31. 31. To enter DoB either use the keyboard or thedrop-down calendar in the same way as for thechild. The derived age appears below.Both the mothers and fathers window includethe option to enter their weight and height.A separate Notes field enables the user tocollect additional information for each parent. With available weight and height data the software derives the BMI (kg/m2)Click on <Save> to save and close the window. Click on <Cancel> to close without saving.Saving the field automatically triggers the allocation of an ID for the parents (list of mothers/fathers)regardless of whether data have been entered or not. Note that the parental ID is not linked to the oneof the child. When saved the added mothers and fathers information is available from the drop-downlist and can be used for other children.Click on next to Address to open the data-entry window.Depending on what option the user has selected in Settings the Address window looks like one of theimages below: Do not use reference data SALB Use …lists If "do not use reference data" is When "SALB" or "Use…lists" are specified, the Address window selected then all fields are includes a comprehensive list of countries and territories to choose available to enter any free text. from. To select a country or territory open the drop-down menu.All fields are optional and the user can complete as many or as few fields as deemed important. Forexample: ZIP/postal code (maximum 15 characters); Phone number (maximum 20 characters).To activate SALB level 1 and 2 fields the user first has to upload the relevant country SALB file under Settingsin the Main window (see sections 4.1 and 5.1.2). Once that is done, go to the address window, select countrywith the drop-down menu and the SALB fields will be activated automatically. Consequently the user can selectthe countrys administrative levels from the drop down lists of SALB level 1 and level 2.For more information on the use of address reference data and of SALB files see section 5.1.The user can edit the address reference data option in Settings at any time.When saved the address data is available from the drop down list and can be used for other children.If the user opens the Mother/Father/Address windows without entering any information and clicking on<Save>, the window gets closed and the system displays (No data).Add new visitA new visit can be included to an existing child or to a newly created child. In the image below a newvisit is being included for Jane Smith, one of the example children.• Click on in the visits section of the child window to open the new visit window which consists of two tab sections: Anthro and Motor. 22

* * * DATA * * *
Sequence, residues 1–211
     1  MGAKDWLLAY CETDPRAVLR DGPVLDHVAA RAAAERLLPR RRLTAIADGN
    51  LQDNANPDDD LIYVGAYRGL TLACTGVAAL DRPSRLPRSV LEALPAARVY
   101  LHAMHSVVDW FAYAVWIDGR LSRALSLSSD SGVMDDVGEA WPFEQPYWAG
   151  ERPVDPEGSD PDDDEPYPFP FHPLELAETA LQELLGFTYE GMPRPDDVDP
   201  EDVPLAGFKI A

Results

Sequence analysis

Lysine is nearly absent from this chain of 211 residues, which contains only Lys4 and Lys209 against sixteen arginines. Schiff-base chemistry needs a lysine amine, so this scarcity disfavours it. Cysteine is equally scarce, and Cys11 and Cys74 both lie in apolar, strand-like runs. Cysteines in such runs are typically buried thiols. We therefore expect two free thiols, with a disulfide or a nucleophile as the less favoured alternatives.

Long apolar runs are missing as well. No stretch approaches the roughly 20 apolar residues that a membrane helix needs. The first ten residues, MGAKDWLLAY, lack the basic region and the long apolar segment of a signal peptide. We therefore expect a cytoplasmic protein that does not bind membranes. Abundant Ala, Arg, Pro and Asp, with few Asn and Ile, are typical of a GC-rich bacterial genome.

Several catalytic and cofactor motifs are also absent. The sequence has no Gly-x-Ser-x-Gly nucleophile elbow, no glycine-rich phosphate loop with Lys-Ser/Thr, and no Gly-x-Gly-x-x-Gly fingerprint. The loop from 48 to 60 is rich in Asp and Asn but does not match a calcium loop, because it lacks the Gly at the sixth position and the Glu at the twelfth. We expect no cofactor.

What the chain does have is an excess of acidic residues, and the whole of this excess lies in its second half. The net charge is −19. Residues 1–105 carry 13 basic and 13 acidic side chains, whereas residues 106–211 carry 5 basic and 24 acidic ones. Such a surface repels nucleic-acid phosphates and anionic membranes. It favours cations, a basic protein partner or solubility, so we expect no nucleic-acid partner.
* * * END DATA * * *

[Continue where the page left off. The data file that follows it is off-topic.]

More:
32. 32. • To change DoV (default is todays date) use keyboard or calendar; DoB and derived age are displayed below. DoV and derived age apply automatically to the anthropometric and motor development data• In the <Anthro> tab section, enter measurements, specify how length/height was measured and whether the child has oedema.• The Notes field is visit-specific and enables to collect important information relevant to this visit.• As no additional data have been defined, the field appears grey.• In <Motor> tab section the user can assess achievement for 6 MMs (see section 4.3.3).• Clicking on at the top left corner opens the graph with the plotted measurement in the Anthro section and the MM windows of achievements in the Motor section.• Click on the <Save> button to save the added visit data and close visit window.• Click on <Cancel> to close the visit window without saving the entries made.• To save changes made to the childs data file, click on at the top of the child window or use the menu, Selected child Save changes.• To enter another child and his/her visit data repeat the steps outlined above.Note: Measurement data from previous visits can be opened and edited at any time but the date ofvisit for a previously saved entry cannot be changedTo close the module, click on or use the menu, Individual assessment Close module.The Observer ID that appears on the list of visits is defined by the user log-in of the PC.DeleteTo delete a child and his/her visit data, click on a tick box to select child in the list of children and thenclick on or select from menu Individual assessment Delete selected. A message window will popup where the user has to confirm that s/he wants to delete the selected child. If a child is deleted allher/his baseline information and visit data are also deleted.ArchiveThe archive function enables the user to move one or several children from the active list momentarilyinto an archive.Tick the box in front of childs name to select and click on ; or select and go to menu Individualassessment Archive selected. The selected children disappear from the active list as they aremoved into the archive.To retrieve a child from the archive click on or go to menu Individual assessment View archive.Select the child and click on . To return to the active list click on .Note: There is no space limit in the archive, but the user should be aware that operations may takelonger to perform on this file as its size increases. If childrens data are no longer needed, it is better toexport and archive them in an external file (best in XML format). 23